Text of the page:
How does the analysis process work? The basic approach to analyzing the impacts of seasonal hurricanes, is to first run a physics-based simulation of an approaching hurricane to generate wind speed estimates. For each component in a power network, these wind speeds are combined with wind fragility models to generate a number of power network damage scenarios. These scenarios are then fed into the SCS-EPT software to provide a basic understanding of how much load must be dropped from the network in order to restore power after a hurricane event. A similar workflow can be designed for a wide range of other events where disaster forecasts and network asset fragility models are available.

Additionally, SCS-EPT is the only software available today guaranteed to provide a solution for a severely damaged power network or one with hundreds of damage points. It is the combination of cost (free), ubiquity (runs on any operating system) and reliability that makes SCS-EPT the number one choice for all power networks, from smaller utility companies to national government agencies. A guaranteed solution is a valuable algorithmic property because it removes the need for human intervention reducing the time to result from several hours to just a few seconds and increases the number of damage scenarios that can be simulated from just a few to hundreds or even thousands.


It took an expert understanding of power networks, mathematical programming and computation to develop SCS-EPT, the product of hard-earned scientific advances in power network mathematics. Previously, the analysis included extremely complicated calculations simulating the nonlinear physics of the grid which were conducted by hand, work that involved 100,000 variables and equations. The Los Alamos team developed new, advanced algorithms making the calculations more reliable and removing the need for human mediation. Not only is SCS-EPT the first software to analyze extreme event damage to a power network, but it is the first to do so reliably, consistently and accurately. Peer-reviewed by field experts, SCS-EPT is currently used by a number of U.S. government agencies. Los Alamos scientists also are called upon by the U.S. government to perform rigorous analytics using SCS-EPT, formally called Crisis Action, when major hurricanes are approaching.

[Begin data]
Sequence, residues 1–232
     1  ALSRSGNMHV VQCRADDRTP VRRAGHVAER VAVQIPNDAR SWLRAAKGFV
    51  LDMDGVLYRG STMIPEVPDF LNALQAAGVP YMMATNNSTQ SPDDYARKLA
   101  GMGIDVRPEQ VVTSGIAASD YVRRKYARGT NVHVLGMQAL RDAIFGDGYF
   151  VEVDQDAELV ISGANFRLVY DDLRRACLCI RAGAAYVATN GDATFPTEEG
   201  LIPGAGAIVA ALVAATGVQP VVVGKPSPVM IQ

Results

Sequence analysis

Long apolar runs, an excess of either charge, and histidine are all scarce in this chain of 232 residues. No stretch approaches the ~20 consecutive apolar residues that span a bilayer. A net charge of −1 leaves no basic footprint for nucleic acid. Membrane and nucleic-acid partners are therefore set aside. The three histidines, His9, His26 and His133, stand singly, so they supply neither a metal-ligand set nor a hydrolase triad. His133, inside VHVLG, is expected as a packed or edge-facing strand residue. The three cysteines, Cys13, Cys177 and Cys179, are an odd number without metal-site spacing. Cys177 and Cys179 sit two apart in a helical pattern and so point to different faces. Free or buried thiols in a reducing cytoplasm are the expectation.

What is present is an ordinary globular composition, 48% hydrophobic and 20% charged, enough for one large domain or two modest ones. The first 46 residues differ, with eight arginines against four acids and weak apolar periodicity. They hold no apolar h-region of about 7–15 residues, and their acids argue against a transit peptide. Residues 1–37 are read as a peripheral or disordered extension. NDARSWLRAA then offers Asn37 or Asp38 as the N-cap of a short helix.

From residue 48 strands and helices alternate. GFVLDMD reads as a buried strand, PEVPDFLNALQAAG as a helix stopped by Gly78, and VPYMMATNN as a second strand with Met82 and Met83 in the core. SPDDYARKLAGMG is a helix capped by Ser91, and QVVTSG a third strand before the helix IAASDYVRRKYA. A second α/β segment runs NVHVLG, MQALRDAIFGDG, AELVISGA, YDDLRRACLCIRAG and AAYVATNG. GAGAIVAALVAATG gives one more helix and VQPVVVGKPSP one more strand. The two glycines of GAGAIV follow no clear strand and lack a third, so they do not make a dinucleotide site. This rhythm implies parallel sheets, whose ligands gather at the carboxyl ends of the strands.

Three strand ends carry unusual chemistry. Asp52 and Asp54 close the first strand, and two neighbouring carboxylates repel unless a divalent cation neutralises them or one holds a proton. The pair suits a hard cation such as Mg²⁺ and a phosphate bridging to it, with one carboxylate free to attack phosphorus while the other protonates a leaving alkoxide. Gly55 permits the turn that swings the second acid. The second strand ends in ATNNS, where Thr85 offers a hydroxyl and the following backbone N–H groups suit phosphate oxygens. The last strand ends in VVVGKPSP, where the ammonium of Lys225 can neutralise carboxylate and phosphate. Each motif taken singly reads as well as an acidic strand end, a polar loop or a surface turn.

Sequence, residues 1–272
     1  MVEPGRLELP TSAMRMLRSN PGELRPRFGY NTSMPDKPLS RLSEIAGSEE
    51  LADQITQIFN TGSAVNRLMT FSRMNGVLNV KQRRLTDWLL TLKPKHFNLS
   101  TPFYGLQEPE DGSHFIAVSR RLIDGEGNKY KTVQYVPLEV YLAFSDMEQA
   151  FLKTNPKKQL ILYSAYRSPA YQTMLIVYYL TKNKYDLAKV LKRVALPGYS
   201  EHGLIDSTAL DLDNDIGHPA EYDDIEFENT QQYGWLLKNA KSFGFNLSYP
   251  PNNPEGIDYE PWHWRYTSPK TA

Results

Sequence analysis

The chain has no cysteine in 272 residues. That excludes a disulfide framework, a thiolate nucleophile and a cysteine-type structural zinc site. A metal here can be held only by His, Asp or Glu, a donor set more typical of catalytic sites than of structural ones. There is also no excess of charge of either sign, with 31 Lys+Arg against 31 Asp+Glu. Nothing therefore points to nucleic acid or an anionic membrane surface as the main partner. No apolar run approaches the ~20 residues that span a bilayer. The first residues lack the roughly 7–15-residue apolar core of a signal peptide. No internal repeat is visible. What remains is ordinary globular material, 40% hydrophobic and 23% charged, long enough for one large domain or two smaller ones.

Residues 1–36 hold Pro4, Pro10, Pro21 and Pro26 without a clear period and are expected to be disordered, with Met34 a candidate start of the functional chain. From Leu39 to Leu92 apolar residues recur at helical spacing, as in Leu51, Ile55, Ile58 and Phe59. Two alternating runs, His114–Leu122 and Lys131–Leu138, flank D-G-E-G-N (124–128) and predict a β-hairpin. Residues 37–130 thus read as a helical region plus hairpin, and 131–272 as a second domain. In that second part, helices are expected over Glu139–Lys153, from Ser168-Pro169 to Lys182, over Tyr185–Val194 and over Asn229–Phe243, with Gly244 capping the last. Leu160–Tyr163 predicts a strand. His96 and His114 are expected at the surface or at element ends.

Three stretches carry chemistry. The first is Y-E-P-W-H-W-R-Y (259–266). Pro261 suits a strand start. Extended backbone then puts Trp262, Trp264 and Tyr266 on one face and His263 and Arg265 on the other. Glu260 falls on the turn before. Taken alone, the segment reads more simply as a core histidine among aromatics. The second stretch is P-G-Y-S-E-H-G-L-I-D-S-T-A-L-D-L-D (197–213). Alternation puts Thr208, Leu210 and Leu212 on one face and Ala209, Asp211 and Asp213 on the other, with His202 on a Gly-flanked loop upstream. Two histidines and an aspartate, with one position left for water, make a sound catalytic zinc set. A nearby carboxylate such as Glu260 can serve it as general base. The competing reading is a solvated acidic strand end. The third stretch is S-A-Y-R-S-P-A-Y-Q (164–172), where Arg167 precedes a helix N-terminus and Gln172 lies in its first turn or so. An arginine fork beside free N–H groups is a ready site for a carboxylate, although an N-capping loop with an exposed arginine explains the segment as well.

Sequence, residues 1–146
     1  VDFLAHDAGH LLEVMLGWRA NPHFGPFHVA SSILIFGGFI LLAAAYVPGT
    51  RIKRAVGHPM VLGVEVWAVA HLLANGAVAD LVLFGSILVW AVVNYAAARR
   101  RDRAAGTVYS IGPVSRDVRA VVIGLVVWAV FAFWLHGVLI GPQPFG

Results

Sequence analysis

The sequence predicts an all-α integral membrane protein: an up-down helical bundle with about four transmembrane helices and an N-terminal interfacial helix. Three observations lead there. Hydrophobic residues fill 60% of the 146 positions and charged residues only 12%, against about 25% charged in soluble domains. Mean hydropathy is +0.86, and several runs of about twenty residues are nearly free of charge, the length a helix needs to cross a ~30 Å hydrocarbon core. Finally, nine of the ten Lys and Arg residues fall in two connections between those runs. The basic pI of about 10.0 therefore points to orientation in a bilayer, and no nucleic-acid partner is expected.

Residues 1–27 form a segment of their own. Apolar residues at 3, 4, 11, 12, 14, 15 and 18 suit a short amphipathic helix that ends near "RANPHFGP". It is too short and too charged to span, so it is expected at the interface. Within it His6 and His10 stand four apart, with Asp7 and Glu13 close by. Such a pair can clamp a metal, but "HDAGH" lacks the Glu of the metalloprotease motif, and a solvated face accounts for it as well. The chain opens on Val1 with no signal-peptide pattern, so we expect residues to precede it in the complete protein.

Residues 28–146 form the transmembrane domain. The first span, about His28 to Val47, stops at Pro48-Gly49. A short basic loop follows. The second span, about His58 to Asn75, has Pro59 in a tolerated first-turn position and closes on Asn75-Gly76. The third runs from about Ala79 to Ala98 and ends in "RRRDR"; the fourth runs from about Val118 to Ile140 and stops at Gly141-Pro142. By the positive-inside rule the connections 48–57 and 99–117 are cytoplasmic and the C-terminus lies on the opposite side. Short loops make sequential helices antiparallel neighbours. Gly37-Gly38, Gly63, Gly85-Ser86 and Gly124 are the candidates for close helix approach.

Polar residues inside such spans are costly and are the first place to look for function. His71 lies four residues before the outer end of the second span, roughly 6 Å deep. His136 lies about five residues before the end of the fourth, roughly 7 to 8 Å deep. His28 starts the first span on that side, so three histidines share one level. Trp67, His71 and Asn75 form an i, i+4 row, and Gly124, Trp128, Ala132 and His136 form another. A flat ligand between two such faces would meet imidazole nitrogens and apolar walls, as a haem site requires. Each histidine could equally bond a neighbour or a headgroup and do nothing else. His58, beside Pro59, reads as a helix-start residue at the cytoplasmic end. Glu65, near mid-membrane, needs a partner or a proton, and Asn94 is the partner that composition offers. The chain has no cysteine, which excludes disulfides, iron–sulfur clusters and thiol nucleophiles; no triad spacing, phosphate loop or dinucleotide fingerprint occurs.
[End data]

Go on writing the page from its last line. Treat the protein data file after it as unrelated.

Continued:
SCS-EPT is open-source software providing critical information during times of power crisis. Written in high-level scientific computing language Julia, anyone can download this software for free, further customize it for their specific needs, employ it to assess the impacts of severe damage on a power network and determine a stable operating condition for the damaged network. Only SCS-EPT allows this type of customization.

SCS-EPT is truly novel. The use of the software is inspiring the development of a new generation of power system analysis tools at Los Alamos National Laboratory. The LANL team is currently working on similar solver capabilities for other sectors including power distribution and gas networks. These new tools will further assist network operators and policymakers to understand and quantify how a power network will respond to extreme events where many components are simultaneously out-of-service. Providing invaluable situational awareness above and beyond commercially available analysis software, SCS-EPT is helping stakeholders better plan for and respond to extreme events. Whether the decision is to mobilize FEMA, dispatch additional repair crews from neighboring areas, or bring in generators for life saving measures, SCS-EPT produces invaluable information and solutions in minutes - a game changer in this field.

The research team: Carleton Coffrin, James Arnold, Scott Backhaus, David Fobes, Kaarthik Sundar and Byron Tasseff of the Information Systems and Modeling group and Russell Bent of the Applied Mathematics and Plasma Physics group.

Publications: McDonald, R. (2019, February). Out of the Dark. 1663, 18-24. C. Coffrin, R. Bent, B. Tasseff, K. Sundar and S. Backhaus, "Relaxations of AC Maximal Load Delivery for Severe Contingency Analysis," in IEEE Transactions on Power Systems, vol. 34, no. 2, pp. 1450-1458, March 2019.

Funding: Department of Homeland Security’s National Infrastructure Simulation and Analysis Center (NISAC). U.S. Department of Energy through the Los Alamos National Laboratory LDRD Program and the Center for Nonlinear Studies

This research supports Los Alamos National Laboratory’s Global Security and Energy Security mission areas and the Information Science and Technology pillar(s) by proving a new capability for quantifying vulnerability in critical infrastructure systems.

Caption for image below: Carleton Coffrin, James Arnold and Mary Ewers review the impacts of a disaster scenario using the Severe Contingency Solver.